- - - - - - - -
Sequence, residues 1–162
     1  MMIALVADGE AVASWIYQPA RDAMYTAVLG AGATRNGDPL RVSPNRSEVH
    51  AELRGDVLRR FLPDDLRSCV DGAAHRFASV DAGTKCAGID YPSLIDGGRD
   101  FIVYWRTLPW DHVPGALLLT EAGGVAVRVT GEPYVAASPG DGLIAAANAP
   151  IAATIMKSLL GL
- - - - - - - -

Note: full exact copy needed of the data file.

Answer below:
Sequence, residues 1–162
     1  MMIALVADGE AVASWIYQPA RDAMYTAVLG AGATRNGDPL RVSPNRSEVH
    51  AELRGDVLRR FLPDDLRSCV DGAAHRFASV DAGTKCAGID YPSLIDGGRD
   101  FIVYWRTLPW DHVPGALLLT EAGGVAVRVT GEPYVAASPG DGLIAAANAP
   151  IAATIMKSLL GL